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All voters can apply to cast their vote by post (except for in Northern Ireland).

Fraud

Postal voting has been associated with the potential for electoral fraud. Steps have been taken to address this risk: postal voters have been required to provide personal identifiers since 2007.

Sending out postal votes and receiving them back in time for the count

There has been concern that postal vote packs have not reached overseas voters in time for them to return their papers before the close of the poll. The Electoral Registration and Administration Act 2013 extended the timetable for Parliamentary elections from 17 to 25 working days (in line with local government elections). Postal votes can now be sent out earlier (on day 6: 19 days before an election).

The 2015 General Election

The 2015 General Election was the first where electoral registers (partially) compiled under the new Individual Electoral Registration (IER) system were used, and the first since the extension of the election timetable. While electoral administrators reported some issues, such as difficulties with getting postal ballot papers printed in time to send them to overseas voters, the Electoral Commission reported that turnout among postal voters was high and postal voters were satisfied with the postal voting arrangements. There were a number of allegations of electoral fraud that are currently under investigation.

Turnout

Turnout among postal voters has been higher than among persons voting at polling stations. At the 2015 general election, turnout among postal voters was 85.8%; turnout among persons voting at polling stations was 63.2%.[1]  

How many people use postal votes?

The proportion of voters using postal votes has increased over the last three general elections. Different parts of the UK have different rates of postal voting: at the 2015 general election, Wales had the highest proportion of voters using postal votes (17.7%), while England had the lowest (16.7%) (except for Northern Ireland, where postal voting is not available on demand).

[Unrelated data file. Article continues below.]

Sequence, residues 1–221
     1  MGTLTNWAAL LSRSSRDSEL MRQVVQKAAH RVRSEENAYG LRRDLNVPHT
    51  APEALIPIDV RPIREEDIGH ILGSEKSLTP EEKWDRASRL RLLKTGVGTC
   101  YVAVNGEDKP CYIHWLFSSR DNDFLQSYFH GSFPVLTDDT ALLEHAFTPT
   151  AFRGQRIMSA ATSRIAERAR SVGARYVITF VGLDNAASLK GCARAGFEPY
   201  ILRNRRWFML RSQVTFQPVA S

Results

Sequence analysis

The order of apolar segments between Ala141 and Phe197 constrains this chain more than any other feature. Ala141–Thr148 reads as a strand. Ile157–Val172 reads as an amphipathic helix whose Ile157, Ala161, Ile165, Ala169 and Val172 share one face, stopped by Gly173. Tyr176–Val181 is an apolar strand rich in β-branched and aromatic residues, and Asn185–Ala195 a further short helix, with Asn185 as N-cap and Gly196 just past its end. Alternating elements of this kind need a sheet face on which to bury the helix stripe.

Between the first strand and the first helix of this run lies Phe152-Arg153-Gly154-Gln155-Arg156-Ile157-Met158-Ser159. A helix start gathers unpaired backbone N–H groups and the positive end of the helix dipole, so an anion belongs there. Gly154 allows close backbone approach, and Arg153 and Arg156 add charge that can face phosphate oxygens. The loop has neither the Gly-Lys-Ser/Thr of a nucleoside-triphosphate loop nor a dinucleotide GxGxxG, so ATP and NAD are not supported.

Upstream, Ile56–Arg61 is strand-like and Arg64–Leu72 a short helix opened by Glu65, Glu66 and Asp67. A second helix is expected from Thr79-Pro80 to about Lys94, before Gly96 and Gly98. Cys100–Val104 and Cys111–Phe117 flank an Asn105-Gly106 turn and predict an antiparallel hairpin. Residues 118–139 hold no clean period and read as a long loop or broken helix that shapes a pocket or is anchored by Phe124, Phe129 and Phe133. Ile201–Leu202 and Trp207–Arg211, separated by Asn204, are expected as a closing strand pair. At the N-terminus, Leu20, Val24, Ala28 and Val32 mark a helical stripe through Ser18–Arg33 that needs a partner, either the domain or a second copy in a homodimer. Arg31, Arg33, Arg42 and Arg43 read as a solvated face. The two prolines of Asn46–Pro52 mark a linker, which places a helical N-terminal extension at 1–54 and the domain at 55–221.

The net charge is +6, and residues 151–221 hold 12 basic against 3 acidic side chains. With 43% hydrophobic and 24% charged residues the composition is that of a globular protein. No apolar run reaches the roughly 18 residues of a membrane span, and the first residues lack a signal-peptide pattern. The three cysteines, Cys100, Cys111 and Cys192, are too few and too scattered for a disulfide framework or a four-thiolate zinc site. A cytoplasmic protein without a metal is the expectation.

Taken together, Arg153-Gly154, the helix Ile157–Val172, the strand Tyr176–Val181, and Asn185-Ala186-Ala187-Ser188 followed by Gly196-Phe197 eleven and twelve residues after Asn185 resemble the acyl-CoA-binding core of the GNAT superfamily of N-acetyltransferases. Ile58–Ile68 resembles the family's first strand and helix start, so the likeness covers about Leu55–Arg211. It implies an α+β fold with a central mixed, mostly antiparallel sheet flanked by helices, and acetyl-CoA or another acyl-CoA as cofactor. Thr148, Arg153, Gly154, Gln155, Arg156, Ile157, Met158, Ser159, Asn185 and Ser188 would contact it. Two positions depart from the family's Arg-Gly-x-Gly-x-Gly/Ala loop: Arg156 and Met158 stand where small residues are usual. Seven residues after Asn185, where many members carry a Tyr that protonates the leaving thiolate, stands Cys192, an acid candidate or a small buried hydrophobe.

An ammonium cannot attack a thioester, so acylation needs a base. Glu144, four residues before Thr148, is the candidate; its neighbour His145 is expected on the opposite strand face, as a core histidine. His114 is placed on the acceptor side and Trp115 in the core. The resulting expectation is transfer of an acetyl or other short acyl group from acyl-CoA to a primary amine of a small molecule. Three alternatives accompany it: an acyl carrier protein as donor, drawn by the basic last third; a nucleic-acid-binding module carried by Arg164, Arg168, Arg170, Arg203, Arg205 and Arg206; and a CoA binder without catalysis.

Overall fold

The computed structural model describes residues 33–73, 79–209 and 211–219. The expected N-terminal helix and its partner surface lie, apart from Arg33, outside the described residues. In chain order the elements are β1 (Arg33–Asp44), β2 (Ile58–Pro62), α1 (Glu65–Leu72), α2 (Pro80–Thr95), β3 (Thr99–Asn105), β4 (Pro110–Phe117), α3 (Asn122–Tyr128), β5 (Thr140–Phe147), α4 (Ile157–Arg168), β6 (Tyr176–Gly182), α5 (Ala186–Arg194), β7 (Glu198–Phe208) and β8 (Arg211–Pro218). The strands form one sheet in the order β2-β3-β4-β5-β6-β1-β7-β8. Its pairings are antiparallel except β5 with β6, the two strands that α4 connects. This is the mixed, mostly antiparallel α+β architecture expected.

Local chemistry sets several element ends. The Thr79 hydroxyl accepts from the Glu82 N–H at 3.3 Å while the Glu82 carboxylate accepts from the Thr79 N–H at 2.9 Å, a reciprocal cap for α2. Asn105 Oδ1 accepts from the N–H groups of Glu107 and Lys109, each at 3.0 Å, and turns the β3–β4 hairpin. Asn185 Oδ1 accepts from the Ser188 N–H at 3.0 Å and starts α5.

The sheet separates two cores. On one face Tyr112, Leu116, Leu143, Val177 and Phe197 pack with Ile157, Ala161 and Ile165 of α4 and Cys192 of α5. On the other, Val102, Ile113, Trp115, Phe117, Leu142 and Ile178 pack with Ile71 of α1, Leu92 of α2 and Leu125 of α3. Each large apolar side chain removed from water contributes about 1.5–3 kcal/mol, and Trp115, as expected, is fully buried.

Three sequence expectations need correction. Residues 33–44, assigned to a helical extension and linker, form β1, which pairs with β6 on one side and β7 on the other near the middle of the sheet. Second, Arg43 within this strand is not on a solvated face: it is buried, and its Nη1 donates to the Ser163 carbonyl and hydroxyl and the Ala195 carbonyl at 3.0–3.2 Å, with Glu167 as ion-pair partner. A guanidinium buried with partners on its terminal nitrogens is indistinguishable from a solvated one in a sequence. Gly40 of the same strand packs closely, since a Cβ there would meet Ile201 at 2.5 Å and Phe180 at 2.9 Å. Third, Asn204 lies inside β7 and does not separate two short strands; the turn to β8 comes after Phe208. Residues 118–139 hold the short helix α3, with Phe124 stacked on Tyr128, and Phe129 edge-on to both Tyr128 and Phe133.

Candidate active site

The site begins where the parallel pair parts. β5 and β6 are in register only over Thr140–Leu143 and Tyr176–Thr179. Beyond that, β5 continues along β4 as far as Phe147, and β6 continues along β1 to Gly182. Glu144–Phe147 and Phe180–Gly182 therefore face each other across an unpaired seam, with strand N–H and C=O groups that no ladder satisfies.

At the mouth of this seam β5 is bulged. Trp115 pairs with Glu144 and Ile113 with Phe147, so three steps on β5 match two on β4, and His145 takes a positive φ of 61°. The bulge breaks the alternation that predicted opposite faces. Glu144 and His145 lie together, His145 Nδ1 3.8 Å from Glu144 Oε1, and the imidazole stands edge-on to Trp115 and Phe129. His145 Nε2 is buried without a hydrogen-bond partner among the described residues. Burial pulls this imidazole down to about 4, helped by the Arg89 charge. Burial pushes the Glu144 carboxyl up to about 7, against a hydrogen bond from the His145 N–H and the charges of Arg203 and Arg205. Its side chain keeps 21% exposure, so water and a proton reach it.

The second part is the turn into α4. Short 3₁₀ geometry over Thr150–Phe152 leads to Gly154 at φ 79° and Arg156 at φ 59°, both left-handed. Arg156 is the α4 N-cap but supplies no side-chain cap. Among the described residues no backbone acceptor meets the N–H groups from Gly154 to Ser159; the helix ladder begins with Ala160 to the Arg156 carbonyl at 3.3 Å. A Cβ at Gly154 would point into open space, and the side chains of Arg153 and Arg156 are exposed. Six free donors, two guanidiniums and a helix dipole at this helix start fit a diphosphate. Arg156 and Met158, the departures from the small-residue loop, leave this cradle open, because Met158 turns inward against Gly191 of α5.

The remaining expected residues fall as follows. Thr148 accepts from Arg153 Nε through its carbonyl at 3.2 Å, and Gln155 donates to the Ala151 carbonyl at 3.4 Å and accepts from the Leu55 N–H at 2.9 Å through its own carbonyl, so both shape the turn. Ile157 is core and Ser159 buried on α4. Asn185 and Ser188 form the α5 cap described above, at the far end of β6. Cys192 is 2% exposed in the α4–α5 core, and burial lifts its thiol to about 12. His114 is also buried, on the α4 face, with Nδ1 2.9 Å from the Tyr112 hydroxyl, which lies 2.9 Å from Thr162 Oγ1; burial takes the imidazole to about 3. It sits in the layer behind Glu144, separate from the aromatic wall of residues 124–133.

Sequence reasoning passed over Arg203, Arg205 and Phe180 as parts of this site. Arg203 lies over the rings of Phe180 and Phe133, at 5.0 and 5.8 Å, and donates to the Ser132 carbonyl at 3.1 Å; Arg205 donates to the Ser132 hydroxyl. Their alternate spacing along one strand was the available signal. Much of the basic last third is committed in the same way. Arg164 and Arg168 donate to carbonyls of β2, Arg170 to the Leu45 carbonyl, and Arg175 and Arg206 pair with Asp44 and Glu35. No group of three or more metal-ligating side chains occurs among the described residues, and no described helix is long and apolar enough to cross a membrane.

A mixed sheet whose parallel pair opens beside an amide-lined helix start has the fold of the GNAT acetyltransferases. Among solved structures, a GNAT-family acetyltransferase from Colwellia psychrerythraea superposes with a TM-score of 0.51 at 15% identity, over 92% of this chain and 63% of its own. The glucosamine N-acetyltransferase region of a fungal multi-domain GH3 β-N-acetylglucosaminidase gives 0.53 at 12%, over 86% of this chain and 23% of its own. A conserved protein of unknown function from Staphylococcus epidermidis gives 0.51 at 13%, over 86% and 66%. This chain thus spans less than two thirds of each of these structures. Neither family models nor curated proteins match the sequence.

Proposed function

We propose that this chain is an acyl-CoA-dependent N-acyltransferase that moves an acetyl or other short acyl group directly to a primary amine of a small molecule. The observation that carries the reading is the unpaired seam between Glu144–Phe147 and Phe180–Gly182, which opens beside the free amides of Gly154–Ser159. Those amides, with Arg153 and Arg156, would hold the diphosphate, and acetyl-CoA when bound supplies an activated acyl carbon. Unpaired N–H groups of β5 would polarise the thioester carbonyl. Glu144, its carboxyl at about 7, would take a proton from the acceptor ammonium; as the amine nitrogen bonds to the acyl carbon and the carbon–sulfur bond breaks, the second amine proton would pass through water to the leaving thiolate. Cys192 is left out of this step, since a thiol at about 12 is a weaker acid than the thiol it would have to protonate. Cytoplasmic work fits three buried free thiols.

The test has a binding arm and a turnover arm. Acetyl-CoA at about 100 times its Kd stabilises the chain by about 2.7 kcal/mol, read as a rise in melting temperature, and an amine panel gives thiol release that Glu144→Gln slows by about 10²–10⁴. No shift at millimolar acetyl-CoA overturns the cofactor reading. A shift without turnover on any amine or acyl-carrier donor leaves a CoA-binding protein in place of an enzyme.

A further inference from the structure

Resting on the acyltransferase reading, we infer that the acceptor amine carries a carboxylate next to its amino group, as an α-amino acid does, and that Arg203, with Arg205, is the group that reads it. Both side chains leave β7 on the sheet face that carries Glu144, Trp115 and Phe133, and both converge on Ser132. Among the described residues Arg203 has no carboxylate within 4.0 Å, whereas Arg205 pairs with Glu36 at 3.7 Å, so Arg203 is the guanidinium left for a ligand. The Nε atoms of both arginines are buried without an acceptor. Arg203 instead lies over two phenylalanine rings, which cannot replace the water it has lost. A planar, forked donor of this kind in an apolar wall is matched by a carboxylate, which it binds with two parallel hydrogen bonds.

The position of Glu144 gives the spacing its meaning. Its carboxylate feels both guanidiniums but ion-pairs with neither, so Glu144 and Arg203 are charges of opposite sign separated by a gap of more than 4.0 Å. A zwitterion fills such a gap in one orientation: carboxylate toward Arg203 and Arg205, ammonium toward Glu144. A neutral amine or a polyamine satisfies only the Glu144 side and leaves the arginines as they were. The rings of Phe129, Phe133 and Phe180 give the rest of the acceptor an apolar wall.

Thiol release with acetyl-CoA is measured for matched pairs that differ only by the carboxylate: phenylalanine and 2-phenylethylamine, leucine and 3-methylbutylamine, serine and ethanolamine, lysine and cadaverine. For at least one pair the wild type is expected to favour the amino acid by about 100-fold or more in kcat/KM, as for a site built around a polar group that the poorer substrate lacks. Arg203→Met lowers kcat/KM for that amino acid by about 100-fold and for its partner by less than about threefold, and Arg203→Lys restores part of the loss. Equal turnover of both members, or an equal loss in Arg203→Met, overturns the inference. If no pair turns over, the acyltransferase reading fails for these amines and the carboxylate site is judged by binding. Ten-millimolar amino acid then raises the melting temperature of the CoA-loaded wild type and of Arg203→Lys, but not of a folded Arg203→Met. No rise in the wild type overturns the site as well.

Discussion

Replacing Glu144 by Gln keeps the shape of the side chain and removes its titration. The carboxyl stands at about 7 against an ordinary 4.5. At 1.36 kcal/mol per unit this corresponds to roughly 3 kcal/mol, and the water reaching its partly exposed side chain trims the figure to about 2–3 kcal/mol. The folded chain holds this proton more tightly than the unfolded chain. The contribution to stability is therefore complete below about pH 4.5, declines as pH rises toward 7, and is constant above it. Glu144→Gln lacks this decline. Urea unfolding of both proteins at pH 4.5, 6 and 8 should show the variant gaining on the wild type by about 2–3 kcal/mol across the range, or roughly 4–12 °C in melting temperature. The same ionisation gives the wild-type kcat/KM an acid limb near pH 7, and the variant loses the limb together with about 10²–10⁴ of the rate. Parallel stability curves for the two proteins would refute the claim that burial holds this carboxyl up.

The proportion of postal voters also differs among English regions: at the 2015 general election, it ranged from 13.4% in the West Midlands to 26% in the North East. The highest proportion of postal voters was found in the Houghton and Sunderland South constituency (43.3%); the lowest in Birmingham Perry Bar (7.4%).[2]

All-postal voting ballots

Constituencies where all-postal voting ballots have previously been held tend to have higher rates of postal voting. Several local authorities piloted all-postal voting for local and European elections between 2000 and 2004. The 2004 regional referendum on whether there should be a North East regional Assembly was also an all-postal voting poll. All-postal voting was found to increase turnout.

History of postal voting legislation

Postal voting was first introduced for people serving in the armed forces shortly after World War I. It was extended to certain categories of civilians in 1948. Postal voting was made available under certain conditions in 1985, and on demand in 2000. Measures to verify the identity of postal voters were introduced in 2007. The time available to post postal ballot packs for Parliamentary elections, and receive them back, was fixed in 2011 and extended in 2013. A requirement for Electoral Registration Officers (EROs) to notify postal voters when their vote has been rejected was introduced in 2013.

[1] Colin Rallings and Michael Thrasher, The 2015 general election: aspects of participation and administration, August 2015, available at the Electoral Commission’s website

[2] Ibid


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